2020 was a bad year for everyone. The pandemic still rages across the US and I’m very much in the same spot right now as I was a year ago (don’t worry, I got a new job). It’s hard to try and wring a lesson out of the year. When we frame the stories of our lives, they take the structure of cause and effect, they become struggles, battles fought and lost.

2020 doesn’t feel like a dragon I slayed, nor one that consumed me. It’s more like a dragon that I lived beside which occasionally snapped at me or blew smoke in my face. It changed the environment around me, made everything seems suspect and different. It was existential, proof that the rules of our time are so very arbitrary. It turned the future murky, robbing us of the gift of expectation as well as the necessity of other people.

My writing slowed in 2020, but it didn’t disappear. I found that the normal cycle of my ‘productivity’ where, I’m usually good for two weeks—to a month and then collapsed into a couple of days of funk, got supercharged. I’d write for a week and then spend all weekend playing video games or lying on the couch eating chips (poppcorners are my favorite). It got so bad at times that it felt like every other day I was hitting a ‘funk’.

I never found a solution to the ‘funk’ problem or 2020, but I kept going. I have a project now that feels light in tone and yet substantive enough to pursue and after a couple of rocky first draft chapters it’s starting to enter a good flow. I don’t know how long that flow will last.

It’s hard to hold on to much of anything during pandemic, everything fuses together. There is no slaying the dragon, no triumph that gives us closure, just a hundred thousand little struggles that stretch, and stretch and stretch. I don’t know when things will be back to ‘normal’ and normal itself will change from this. But I do know that for right now, today, that after I finish writing this, I will feel contented and accomplished and I’m going to hold on to that feeling for as long as it lasts.   

The Importance of Journaling

The Importance of Journaling

Over the weekend I hung out with a friend who wants to write a play. She asked for writing suggestions. I told her to start a journal.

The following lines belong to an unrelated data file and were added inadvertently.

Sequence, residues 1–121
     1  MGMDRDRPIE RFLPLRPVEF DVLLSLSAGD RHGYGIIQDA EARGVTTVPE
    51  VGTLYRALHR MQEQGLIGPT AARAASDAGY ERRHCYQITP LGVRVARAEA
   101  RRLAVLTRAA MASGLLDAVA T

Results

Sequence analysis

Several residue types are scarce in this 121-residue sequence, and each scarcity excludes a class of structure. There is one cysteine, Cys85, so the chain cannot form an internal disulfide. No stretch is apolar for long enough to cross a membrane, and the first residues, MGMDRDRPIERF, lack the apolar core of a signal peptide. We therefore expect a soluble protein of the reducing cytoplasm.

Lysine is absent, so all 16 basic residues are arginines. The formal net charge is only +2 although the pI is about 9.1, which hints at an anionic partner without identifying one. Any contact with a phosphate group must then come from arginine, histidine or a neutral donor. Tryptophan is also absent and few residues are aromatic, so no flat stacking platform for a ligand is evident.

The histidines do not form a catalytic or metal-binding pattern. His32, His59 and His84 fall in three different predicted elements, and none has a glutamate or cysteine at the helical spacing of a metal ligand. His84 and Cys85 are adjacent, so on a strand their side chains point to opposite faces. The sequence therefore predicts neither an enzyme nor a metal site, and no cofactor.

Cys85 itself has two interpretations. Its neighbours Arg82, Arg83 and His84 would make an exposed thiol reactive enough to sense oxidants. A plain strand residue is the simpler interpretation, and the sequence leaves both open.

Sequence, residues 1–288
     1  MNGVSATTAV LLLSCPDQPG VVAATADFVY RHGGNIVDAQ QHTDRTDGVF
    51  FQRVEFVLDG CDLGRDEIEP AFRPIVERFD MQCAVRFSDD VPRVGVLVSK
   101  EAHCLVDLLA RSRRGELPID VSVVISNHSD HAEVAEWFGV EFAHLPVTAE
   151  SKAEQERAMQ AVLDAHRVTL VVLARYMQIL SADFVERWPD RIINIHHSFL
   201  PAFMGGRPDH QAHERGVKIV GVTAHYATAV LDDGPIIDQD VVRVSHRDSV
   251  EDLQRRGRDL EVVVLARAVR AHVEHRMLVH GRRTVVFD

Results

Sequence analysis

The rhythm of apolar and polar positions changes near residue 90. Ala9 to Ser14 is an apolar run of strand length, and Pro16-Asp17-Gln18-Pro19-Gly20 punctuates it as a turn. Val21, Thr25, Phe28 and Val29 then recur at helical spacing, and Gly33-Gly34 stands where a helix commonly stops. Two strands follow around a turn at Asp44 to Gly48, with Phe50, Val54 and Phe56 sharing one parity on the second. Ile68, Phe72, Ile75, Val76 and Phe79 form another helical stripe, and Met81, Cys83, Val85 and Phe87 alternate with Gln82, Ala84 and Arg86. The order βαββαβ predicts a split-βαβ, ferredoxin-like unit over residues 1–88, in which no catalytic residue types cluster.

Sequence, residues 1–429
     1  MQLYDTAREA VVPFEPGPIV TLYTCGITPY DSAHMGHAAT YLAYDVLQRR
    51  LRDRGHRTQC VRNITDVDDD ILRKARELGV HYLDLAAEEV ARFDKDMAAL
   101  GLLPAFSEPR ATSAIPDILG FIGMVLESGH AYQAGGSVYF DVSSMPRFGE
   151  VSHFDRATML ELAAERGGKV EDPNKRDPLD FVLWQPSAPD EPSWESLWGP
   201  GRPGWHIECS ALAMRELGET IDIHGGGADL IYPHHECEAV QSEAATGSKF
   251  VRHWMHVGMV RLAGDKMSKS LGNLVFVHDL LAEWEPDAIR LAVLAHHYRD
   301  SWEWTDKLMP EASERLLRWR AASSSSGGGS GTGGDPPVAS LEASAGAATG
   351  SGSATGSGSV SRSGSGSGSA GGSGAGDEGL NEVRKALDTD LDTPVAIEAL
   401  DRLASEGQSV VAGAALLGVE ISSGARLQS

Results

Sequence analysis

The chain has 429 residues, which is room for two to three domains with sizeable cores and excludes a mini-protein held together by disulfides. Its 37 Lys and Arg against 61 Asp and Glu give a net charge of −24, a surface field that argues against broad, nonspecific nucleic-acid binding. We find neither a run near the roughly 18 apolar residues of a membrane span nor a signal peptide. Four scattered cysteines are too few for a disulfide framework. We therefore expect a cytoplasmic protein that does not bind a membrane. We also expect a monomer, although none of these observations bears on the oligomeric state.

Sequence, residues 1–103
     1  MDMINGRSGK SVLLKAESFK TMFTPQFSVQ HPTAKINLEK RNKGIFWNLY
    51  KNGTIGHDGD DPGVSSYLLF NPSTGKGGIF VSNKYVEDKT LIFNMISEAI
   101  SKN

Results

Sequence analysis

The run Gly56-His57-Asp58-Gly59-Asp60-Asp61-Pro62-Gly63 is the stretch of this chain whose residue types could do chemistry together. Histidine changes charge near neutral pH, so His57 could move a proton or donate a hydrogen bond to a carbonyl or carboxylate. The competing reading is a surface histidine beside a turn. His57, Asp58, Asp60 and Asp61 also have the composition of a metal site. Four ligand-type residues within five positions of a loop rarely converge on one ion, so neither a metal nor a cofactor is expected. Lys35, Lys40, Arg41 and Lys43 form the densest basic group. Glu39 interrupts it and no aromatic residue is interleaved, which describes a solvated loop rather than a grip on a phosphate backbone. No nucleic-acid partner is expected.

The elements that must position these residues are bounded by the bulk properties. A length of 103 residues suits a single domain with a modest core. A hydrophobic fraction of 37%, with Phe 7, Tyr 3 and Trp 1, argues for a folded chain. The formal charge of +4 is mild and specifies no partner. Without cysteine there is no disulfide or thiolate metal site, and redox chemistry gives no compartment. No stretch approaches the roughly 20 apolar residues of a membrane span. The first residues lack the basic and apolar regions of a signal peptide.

Journaling is the most important thing that any writer or anyone who wants to start writing can do. I’ve been writing short stories and novels since I was twelve, but I didn’t consider myself a writer until after college when I started a journal. Thanks that journal I write every day. I’ve improved in all elements of my writing and have six hundred-page novels to share.

For most people journal writing conjures up images of mole skin notebooks with dear diary written in looping cursive, but that’s not exactly, what I mean. When I say journal, I mean a space, be it a word processor or notebook, where you sit down for at least twenty minutes and write. It doesn’t matter what you write in that space, it just matters that you do it and do it every day.

Writing, like exercising or learning a musical instrument, is hard. It requires practice and that’s what the journal is, your practice. You have to force yourself to do it, especially when you’re first starting. After a long day of work, you’re not going to want to do anything, even write, same is true if you get up at five am and try to squeeze in a writing secession before work. You have to make it a habit.

I write at least a paragraph in my journal every day before I start a writing secession. It’s how I limber up my creative muscles. My journal is freeing, I write whatever I want. I don’t care about quality or the mistakes I make. I write as fast as the thoughts come to me and I write down all my thoughts, no matter how bad, or lazy or mean they are. Most of my thoughts are just boring. 90% of my journals start with the phrase, ‘I’m tired and I don’t want to write.’

When I journal I don’t tend to write fiction. Instead, it’s more like a compressed dairy. I’ll write a summary of my day or talk about something that’s bothering me. I use the journal to plan a lot: review goals and progress. I will talk about writing ideas I have as well as what I liked or didn’t like about the book I’m reading or game I’m playing. It’s a lot like a less polished, more personal version of this blog.

My journal is also home to some of my best writing, entries that I love stumbling over again and remind me that I can actually do this thing! But it’s also home to my absolute worse writing, a reminder that I need to stay sharp and edit. Because I have horrible penmanship and spelling, I keep my journal in google docs which makes revisiting old entries easy. I can trace my progression as a writer, as well as other goals, see where I’ve succeeded or fallen behind.

There are also wellness benefits to keeping a journal, so many in fact that even if I didn’t want to be a novelist I would still journal. It let’s me slow down and organize my thoughts. I can dissect what I’m feeling and why I’m feeling that way. It also helps me vent. I can write my roommate a nasty letter without ruining our friendship or formulate what I’m going to say at my next work review. I always feel better after I journal, even if I write nonsense or something I wouldn’t say out loud.